It has always been a policy position of the Government of Guyana that Guyanese residing in the diaspora should be encouraged to return home eventually, to resettle, to invest or both. That policy-based position, however, has not, over the years, been buttressed by a sufficiently clear and efficient articulation and implementation.

One of the main problems here is that, frequently, the documented re-migration procedures, directives and entitlements have either been miscommunicated or misdirected or have even become ensnared in anomalous situations and questionable third party interventions that often appear designed to circumvent the regulations.

Then again, it does not appear that over the years the issue of remigration and diaspora investment has been deemed sufficiently important to cause these considerations to fall under a single one-stop agency so that, over time, the ‘run around’ factor has been identified as one of the critical disincentives for those Guyanese residing abroad who want to either re-settle or invest (or both), issues that have to do with duty-free entitlements and the attendant concessions being among the major areas of miscommunication and controversy.

The other point that should be made at this juncture is that the ‘noises’ regarding the role of our diplomatic and consular missions in ‘prepping’ prospective re-migrants and potential diaspora investors has historically been seriously neglected and it is this, frequently, that accounts for the fact that re-migration and investment issues become mired in sometimes unforeseen red tape and controversy, very often, only after the individual (or family) is literally on the ground in Guyana.

Accordingly, while the recent pronouncement in New York by Minister of State Joseph Harmon that Guyana welcomes both re-migrants and prospective investors from the diaspora is nothing new, what it does as well is to remind that if there is to be meaningful follow-through on these calls, the barriers that continue to retard the full effectiveness of the process will have to be removed, once and for all.

One makes this point mindful of the fact that the recent echoing of the remigration clarion call by Minister Harmon comes at a time when what now seems to be the imminent commencement of the exploitation of the country’s oil resources and the attendant greater access to resources for financing more expansive development initiatives, more investment opportunities are likely to be created and more skills needed. Such opportunities already exist in the agriculture and agro-processing sectors as well as in the wider manufacturing and science and technology sectors in areas like clean energy, STEM technology, construction and various other types of serious infrastructure development.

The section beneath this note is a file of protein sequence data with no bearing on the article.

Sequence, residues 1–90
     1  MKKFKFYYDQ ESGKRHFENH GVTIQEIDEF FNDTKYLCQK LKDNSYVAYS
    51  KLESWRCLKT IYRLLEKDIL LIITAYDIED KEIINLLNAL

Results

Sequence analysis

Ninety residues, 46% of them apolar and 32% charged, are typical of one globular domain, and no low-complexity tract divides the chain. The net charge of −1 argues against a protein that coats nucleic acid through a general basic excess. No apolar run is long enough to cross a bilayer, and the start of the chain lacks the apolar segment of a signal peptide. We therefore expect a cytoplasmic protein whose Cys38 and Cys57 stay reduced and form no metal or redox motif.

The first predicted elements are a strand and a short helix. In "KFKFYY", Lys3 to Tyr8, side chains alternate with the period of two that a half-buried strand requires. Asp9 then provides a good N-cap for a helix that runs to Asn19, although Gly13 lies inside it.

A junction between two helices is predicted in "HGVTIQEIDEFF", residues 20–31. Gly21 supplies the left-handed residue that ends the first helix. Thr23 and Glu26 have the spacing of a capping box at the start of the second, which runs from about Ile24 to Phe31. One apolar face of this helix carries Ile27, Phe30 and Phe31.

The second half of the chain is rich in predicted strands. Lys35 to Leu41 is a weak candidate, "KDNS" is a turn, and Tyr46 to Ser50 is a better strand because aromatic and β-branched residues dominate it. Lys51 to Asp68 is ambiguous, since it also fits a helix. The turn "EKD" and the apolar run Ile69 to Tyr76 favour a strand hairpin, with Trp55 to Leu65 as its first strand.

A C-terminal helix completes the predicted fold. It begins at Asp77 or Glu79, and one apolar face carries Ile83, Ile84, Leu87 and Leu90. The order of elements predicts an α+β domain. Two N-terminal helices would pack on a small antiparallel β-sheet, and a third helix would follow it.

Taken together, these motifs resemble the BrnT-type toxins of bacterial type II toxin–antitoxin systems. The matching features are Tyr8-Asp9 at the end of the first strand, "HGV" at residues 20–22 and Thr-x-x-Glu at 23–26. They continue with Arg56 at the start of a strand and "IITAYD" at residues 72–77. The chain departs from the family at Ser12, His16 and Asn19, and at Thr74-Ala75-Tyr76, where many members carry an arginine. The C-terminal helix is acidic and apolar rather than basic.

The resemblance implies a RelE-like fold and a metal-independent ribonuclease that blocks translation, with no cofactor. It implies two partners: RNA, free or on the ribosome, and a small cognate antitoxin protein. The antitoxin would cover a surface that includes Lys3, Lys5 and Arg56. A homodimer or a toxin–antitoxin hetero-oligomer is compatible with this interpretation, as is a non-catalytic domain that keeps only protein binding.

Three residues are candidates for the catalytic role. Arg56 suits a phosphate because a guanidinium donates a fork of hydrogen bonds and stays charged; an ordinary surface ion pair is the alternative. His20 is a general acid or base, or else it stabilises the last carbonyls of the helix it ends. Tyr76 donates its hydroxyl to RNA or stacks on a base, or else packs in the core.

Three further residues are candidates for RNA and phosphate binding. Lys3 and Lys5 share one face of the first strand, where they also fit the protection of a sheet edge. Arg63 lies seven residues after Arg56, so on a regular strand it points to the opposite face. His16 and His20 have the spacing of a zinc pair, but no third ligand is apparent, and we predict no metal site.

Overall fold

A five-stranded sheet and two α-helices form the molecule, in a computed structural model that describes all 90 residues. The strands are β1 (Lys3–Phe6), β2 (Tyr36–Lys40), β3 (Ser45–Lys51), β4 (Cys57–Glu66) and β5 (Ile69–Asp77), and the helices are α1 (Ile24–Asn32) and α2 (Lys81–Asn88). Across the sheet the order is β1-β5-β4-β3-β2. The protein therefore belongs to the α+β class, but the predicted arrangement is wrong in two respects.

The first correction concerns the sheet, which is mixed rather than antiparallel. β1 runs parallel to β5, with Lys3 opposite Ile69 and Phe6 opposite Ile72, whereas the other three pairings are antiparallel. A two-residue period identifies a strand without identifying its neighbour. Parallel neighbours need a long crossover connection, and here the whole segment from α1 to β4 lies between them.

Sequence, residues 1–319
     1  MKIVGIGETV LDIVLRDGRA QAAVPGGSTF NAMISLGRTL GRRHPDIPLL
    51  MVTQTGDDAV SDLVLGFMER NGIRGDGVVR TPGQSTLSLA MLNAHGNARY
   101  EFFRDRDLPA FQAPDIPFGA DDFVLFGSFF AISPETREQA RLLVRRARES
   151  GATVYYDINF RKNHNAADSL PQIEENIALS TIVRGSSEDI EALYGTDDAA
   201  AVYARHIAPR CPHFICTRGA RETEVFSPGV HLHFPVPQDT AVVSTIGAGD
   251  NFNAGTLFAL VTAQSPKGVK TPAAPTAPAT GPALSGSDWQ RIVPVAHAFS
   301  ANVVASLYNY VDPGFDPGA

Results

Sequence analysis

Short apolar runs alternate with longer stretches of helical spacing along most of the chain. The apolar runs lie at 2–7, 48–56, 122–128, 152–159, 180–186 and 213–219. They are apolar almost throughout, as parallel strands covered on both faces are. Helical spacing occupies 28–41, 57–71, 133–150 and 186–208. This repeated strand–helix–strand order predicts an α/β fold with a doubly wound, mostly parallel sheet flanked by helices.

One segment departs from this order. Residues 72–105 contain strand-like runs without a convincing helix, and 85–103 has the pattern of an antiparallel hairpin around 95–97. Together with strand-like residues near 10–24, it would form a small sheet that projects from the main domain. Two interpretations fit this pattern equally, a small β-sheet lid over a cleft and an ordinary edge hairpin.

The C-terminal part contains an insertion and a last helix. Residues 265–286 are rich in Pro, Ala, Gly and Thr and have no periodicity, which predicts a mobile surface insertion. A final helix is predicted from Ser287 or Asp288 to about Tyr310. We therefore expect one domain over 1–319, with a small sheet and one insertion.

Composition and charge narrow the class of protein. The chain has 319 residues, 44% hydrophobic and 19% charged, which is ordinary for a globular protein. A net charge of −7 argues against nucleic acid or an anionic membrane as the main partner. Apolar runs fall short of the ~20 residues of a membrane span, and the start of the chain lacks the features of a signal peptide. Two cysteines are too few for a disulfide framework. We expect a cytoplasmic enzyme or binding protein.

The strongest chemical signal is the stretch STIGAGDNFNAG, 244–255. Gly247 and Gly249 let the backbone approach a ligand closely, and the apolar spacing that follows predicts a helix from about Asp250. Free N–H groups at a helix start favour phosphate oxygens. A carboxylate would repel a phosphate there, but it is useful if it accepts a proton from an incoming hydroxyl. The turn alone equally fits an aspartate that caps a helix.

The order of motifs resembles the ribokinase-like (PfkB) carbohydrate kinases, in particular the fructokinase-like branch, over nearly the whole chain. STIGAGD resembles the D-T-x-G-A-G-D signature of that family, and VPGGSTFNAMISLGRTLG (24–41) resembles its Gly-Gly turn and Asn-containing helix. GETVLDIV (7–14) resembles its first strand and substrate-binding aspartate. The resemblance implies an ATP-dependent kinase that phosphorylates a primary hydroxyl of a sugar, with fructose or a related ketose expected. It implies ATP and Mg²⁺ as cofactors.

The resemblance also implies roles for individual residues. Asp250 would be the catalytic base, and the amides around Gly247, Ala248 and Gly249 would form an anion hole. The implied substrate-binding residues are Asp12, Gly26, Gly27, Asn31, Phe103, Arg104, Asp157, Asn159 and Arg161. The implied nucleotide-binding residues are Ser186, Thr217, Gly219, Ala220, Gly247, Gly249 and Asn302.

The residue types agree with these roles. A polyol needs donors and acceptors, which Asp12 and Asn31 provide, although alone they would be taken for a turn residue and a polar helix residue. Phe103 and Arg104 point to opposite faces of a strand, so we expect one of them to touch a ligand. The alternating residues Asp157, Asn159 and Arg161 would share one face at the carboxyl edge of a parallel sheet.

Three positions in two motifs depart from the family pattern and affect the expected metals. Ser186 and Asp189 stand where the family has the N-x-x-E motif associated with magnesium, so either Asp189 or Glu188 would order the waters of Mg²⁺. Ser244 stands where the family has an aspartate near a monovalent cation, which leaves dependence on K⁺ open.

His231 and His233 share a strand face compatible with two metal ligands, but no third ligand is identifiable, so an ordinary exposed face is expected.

At this particular juncture it is important that we end the practice of getting ahead of ourselves as far as the issues of re-migration and diaspora investment are concerned. Remigration and investment calls, while seeking to stir a sense of patriotism, have to be ‘marketed’ alongside rules and regulations that reassure and which provide clearly defined pathways to follow for people who are, in effect, making life-changing decisions. We must make no mistake about it. The disposition of prospective re-migrants/ investors to returning home, investing in Guyana, or both, are going to be coloured by, among other things, the assurances they receive (or not receive, as the case may be) with regard to the fulfilment of their legitimate expectations, whether these have to do with the quality of their lives as returning Guyanese or the security and worthwhileness of their investments.  

Perhaps we have arrived at a juncture where, in much the same way that countries invest heavily in marketing what they believe are worthwhile products and services externally, so too must Guyana aggressively ‘market’ remigration and investment among Guyanese in the diaspora. The challenge, of course, inheres in the creation of an enabling environment that will attract both.

  If there is a role for what one might call the ‘clarion call’ approach of appealing to the patriotism in overseas-based Guyanese, that alone is not enough. As has already been mentioned, people who are being asked to make significant and often life-changing decisions are entitled to expect to be accorded the assurances of an amiable environment. That axiom should inform the seriousness of our policies on remigration and diaspora investment. 

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